US admits Mosul air strike that killed scores of civilians
The US-led coalition against the Islamic State group in Iraq said Saturday that it struck a location in west Mosul where civilians were reportedly killed by aerial bombing.
"An initial review of strike data ... indicates that, at the request of the Iraqi security forces, the coalition struck (IS) fighters and equipment, March 17, in west Mosul at the location corresponding to allegations of civilian casualties," it said in a statement.
US Central Command said that it had opened an investigation "to determine the facts surrounding this strike and the validity of the allegation of civilian casualties".
The statement came as tens of thousands of people fled the Iraqi city of Mosul, held by IS, in fear of US-led air strikes and fierce fighting by Iraqi ground troops.
More than 200,000 people have fled fighting in west Mosul since the operation to retake the area from IS fighter was started last last month, Iraq's ministry of migration and displaced said Saturday.
Iraqi government forces paused in their push to recapture Mosul from Islamic State militants over the weekend because of the high rate of civilian casualties, a security forces spokesman said.
Meanwhile the United Nations has expressed "deep concern" over the high number of civilian casualties in the Iraqi city of Mosul, following reports that as many as 200 people were killed in air strikes by the US-led coalition.
"We are stunned by this terrible loss of life," Lise Grande, the humanitarian coordinator for Iraq, said in a statement.
Residents escaping the besieged area have told of Iraqi and US-led coalition air strikes demolishing buildings and killing dozens civilians.
On Friday The New York Times reported suggestions from an Iraqi military officers that the rules of engagement for US aircraft had been relaxed under President Donald Trump.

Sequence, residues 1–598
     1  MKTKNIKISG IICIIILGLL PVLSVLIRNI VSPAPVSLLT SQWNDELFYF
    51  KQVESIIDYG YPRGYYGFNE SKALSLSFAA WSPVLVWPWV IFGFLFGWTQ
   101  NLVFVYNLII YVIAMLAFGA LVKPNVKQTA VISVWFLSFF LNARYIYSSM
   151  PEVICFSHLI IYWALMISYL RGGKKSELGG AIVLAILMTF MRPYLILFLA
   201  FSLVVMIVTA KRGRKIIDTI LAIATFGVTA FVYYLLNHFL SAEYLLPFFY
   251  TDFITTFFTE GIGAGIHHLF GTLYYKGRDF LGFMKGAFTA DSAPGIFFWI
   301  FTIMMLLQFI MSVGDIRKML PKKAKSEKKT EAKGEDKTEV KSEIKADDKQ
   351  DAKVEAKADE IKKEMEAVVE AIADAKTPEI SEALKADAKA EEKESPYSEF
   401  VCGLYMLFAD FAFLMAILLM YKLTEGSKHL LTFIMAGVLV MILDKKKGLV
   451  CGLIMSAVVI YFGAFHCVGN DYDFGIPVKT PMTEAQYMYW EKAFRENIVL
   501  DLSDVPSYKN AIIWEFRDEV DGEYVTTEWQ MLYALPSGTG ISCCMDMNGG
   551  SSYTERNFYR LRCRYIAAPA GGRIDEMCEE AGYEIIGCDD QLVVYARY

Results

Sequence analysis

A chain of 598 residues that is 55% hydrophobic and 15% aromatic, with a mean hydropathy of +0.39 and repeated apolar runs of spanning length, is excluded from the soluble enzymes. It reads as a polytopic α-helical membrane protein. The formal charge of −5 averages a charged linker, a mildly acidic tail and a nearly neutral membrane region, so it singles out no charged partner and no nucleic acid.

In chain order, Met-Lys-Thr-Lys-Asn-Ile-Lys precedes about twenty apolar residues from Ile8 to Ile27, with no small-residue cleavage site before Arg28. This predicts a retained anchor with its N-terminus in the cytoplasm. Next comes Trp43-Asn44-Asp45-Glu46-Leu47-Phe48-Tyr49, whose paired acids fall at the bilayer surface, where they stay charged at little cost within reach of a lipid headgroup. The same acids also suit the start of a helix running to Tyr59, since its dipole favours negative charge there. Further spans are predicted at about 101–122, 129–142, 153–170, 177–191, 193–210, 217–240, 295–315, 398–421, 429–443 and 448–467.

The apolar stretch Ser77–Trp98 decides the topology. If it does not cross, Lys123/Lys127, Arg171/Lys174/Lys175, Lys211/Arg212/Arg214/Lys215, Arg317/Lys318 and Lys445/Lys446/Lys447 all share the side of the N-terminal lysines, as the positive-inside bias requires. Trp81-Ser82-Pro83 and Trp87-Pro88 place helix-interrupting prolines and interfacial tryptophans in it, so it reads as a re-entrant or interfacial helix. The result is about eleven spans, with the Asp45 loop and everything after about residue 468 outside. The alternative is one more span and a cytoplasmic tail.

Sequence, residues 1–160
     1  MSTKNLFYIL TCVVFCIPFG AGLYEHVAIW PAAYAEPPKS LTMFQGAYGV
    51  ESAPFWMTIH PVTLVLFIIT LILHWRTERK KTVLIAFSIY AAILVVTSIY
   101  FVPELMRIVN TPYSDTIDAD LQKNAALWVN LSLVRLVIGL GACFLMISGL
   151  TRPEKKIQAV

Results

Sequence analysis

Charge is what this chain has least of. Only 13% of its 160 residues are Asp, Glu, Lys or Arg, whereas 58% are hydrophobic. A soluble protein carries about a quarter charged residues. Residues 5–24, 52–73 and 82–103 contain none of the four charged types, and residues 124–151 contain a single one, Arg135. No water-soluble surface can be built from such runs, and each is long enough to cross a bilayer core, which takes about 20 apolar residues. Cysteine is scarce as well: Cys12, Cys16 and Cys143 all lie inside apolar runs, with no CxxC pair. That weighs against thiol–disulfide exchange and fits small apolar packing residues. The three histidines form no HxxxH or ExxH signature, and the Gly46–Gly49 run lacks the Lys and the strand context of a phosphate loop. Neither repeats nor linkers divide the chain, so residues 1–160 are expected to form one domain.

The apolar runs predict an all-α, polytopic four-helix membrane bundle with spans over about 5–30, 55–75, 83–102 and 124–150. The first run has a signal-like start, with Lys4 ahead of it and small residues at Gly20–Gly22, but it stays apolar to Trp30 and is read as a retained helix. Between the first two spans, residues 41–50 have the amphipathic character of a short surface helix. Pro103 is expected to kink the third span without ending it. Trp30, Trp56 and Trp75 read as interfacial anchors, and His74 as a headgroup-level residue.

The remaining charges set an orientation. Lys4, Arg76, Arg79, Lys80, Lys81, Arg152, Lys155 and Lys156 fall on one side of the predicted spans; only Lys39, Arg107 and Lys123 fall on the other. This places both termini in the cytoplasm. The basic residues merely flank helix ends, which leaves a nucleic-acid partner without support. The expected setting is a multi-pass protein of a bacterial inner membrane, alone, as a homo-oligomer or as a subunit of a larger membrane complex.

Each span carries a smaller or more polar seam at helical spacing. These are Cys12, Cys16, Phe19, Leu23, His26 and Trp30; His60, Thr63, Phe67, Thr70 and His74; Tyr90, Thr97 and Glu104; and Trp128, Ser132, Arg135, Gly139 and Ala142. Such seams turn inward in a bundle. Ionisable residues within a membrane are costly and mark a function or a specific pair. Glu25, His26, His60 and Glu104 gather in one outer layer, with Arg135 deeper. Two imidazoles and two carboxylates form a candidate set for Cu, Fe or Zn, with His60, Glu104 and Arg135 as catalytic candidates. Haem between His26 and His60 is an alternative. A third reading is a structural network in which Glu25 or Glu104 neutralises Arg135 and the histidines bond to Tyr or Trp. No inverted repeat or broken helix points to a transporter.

During the US election campaign last year, the US President repeatedly said that the families of "terrorists" should also be targeted.
Bashar al-Kiki, the head of the Nineveh provincial council, said that "dozens" of bodies were still buried under rubble in the city, while provincial governor Nawfal Hammadi said that more than 130 civilians had been killed.
It was not possible to independently confirm the tolls from the strikes in Mosul, the capital of Nineveh province and Iraq's second city.
The insurgents have also used civilians as human shields and opened fire on them as they try to escape IS-held neighbourhoods, fleeing residents said.
The US-backed offensive to drive IS out of Mosul, now in its sixth month, has recaptured most of the city. The entire eastern side and about half of the west is under Iraqi control.
But advances have stuttered in the past two weeks as fighting enters the narrow alleys of the Old City, home to the al-Nuri mosque, where IS leader Abu Bakr al-Baghdadi declared a caliphate spanning large areas of Iraq and Syria in 2014.
"The recent high death toll among civilians inside the Old City forced us to halt operations to review our plans," a Federal Police spokesman said on Saturday.
"It's a time for weighing new offensive plans and tactics. No combat operations are to go on."
The coalition has said the reports of civilian casualties are being investigated.
"We need to make sure that taking out Daesh [Islamic State] from the Old City will not cost unwanted high casualties among civilians. We need surgical accurate operations to target terrorists without causing collateral damage among residents," the Federal Police spokesman said.
An army statement published in the al-Sabah state newspaper said that future operations would be carried out by ground troops highly trained for urban combat.
"Our heroic forces are committed to the rules of engagement which ensure protection of civilians" the statement said.
A US deputy commanding general for the coalition told Reuters on Friday that the solution could lie in a change of tactics. The Iraqi military is assessing opening up another front and isolating the Old City, where the militants have put up fierce resistance, US Army Brigadier General John Richardson said.
Fleeing residents have described grim living conditions inside the city, saying there was no running water or electricity and no food coming in. Aid agencies say as many as 600,000 civilians remain in the western half of Mosul.
But families are streaming out of the northern city in their thousands each day, headed for cold, crowded camps or to stay with relatives. Hunger and fighting are making life unbearable inside.
The Iraqi Observatory for Human Rights said that since the campaign on western Mosul began on 19 February, unconfirmed reports have said nearly 700 civilians have been killed by government and coalition air strikes or Islamic State actions.
The militants have used car bombs, snipers and mortar fire to counter the offensive. They have also stationed themselves in homes belonging to Mosul residents to fire at Iraqi troops, often drawing air or artillery strikes that have killed civilians.